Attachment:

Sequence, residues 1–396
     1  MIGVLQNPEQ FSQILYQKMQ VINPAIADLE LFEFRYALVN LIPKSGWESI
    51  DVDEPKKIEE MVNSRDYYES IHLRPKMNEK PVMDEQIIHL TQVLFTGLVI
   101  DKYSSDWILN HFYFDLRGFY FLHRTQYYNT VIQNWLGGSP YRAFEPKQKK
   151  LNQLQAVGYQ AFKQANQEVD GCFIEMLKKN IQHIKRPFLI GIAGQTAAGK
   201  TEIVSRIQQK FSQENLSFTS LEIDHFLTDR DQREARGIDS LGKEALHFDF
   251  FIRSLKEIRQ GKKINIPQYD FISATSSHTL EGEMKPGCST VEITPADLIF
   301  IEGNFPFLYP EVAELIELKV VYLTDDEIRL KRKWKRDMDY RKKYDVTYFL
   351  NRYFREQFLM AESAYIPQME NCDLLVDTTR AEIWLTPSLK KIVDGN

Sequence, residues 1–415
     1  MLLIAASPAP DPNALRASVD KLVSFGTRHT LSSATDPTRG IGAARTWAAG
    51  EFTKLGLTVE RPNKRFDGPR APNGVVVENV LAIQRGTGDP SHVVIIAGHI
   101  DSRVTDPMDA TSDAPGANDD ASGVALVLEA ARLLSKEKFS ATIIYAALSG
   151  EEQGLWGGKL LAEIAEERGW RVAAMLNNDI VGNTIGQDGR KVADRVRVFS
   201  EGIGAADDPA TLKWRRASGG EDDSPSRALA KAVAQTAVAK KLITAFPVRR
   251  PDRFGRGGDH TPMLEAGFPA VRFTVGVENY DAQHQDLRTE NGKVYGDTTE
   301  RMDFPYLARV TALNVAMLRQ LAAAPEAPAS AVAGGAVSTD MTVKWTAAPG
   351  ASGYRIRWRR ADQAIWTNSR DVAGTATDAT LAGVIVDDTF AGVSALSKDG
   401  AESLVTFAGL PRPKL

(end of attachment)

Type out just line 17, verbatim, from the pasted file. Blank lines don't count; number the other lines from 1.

   301  RMDFPYLARV TALNVAMLRQ LAAAPEAPAS AVAGGAVSTD MTVKWTAAPG